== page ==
American culture is brilliant. It’s our guardians who failed


AAmerican culture is as bright, stimulating and creative as it has ever been.

This assertion goes against the grain of the discourse of decline that we regularly hear among journalists and philosophers, especially on the right. Yet it is not American culture that has failed. It’s our


America had people who acted as intermediaries between the masses and the culture. In a fascinating 2016 article, James Rosen
that conservative founding father William F. Buckley appeared on The show tonight more than a dozen times. Rosen observed that “today the regular presence on major late-night television shows of someone like Buckley, an aristocratic intellectual accustomed to speaking in paragraphs, even in other languages ​​- he started an appearance from ‘Tonight’ with several phrases in Spanish – would seem, in a lineup dominated by actors and pop stars, blatantly out of place. At the time, however, Buckley fit right in, and we were , as a nation, richer for it.

Rosen celebrates the America that was “a Warholian confusion of high and low that placed artists, athletes, politicians, novelists, intellectuals, psychics and eccentrics on the same couch TV”.

That America is gone, but just because the couches now have Kardashians instead of conductors doesn’t mean American culture has faded.

One of my favorite artists is the
jazz singer
Kurt Elling, whose album Nocturnal movements is a moving American masterpiece inspired by everyone from John Coltrane to Walt Whitman. Next week I’m going to the theater to see
Fourth Turning Hero,
an acclaimed play about Catholic conservatives trying to negotiate the modern world.
great novelists
abound, including Marlon James, whose work A brief history of seven murders about the attempted assassination of singer Bob Marley, is staggering. Tom King’s comic book writer The human target is one of the best series for years. Composer Philip Glass is 85 and continues to produce amazing music. American television, game of thrones at hellraiser, has been the best in years. I mean, compare 1970s TV shows to what we have now. stranger things is slightly better than, say, Starsky and Hutch.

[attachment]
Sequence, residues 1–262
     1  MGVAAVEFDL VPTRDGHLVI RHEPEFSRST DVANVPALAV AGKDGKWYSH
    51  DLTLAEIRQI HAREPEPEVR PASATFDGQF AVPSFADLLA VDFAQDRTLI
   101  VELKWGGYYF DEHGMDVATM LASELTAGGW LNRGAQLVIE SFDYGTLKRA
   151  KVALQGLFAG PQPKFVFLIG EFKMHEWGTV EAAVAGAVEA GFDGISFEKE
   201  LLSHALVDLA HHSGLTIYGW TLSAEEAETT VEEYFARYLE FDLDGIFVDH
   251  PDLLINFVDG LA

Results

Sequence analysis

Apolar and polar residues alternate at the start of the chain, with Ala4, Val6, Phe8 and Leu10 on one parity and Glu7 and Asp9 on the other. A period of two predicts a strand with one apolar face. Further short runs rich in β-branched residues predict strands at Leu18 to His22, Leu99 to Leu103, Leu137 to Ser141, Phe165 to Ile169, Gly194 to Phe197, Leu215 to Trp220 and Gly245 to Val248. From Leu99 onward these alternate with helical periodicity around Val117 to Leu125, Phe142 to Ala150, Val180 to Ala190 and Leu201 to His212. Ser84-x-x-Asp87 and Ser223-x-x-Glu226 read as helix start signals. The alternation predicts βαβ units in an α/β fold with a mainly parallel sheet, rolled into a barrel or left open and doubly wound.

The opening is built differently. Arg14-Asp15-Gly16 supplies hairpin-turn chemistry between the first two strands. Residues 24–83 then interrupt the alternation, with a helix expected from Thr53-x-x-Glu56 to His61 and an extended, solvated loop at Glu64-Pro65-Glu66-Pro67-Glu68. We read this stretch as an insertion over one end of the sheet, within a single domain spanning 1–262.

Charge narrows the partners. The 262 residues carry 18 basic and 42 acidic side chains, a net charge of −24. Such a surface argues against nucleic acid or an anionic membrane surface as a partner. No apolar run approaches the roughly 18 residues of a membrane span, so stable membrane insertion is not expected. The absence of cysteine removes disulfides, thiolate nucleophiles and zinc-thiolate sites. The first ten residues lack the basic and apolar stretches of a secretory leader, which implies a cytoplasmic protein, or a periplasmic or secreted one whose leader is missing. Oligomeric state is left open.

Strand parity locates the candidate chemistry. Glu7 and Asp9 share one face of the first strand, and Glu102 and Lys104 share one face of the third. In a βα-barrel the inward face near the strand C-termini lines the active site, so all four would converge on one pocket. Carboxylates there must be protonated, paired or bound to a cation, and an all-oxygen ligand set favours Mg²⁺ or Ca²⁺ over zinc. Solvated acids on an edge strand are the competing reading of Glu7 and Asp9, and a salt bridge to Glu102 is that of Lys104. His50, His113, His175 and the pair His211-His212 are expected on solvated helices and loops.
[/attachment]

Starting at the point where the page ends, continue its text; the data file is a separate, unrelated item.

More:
America has always had a thirst for art. In a bright room for
, social historian Fred Siegel explored how the American masses embraced intellectuals in the 1950s. Americans of the time were “sampling for the first time the greatest works of Western civilization”. The book Mass culture: popular arts in America revealed that “twenty years ago you couldn’t sell Beethoven outside of New York. Today we sell Palestrina, Monteverdi, Gabrieli, and Renaissance and Baroque music in large quantities.” There was a 250% growth in the number of local symphony orchestras between 1940 and 1955.

In 1955, writes Siegel, “15 million people paid to attend major league baseball games and 35 million paid to attend classical music concerts. The Metropolitan’s Saturday afternoon radio broadcast New York Opera attracted 15 million listeners out of a total population of 165 million.”

Siegel notes that there were gatekeepers to bringing this great art to the public: “NBC spent $500,000 in 1956 to present a three-hour version of Shakespeare’s ‘Richard III’. with Laurence Olivier. The show drew 50 million viewers; no less than 25 million watched the three hours.” Siegel observes that “on March 16, 1956, a randomly chosen Sunday, the viewer might have seen a discussion of the life and times of Toulouse-Lautrec by three prominent critics of art, an interview with theologian Paul Tillich, adapted from Walter Van Tilburg Clark’s To hang upa documentary on mental illness with Dr. William Menninger and a 90-minute performance of The Taming of the Shrew. The Adventures of Augie March, winner of the National Book Award, sold one million copies in paperback by the early 1950s.

John F. Kennedy supported the arts. “The life of the arts,” he said, “far from being an interruption, a distraction, in the life of a nation, is very close to the center of a nation’s purpose.” American culture is not in decline. It’s obvious to anyone who goes outside for a few hours. We just need another Johnny Carson.


Mark Judge is an award-winning journalist and the author of the book The Devil’s Triangle: Mark Judge vs. America’s New Stasi. He is also the author of God and Man at Georgetown Prep, Cursed senators, and A tremor of happiness.

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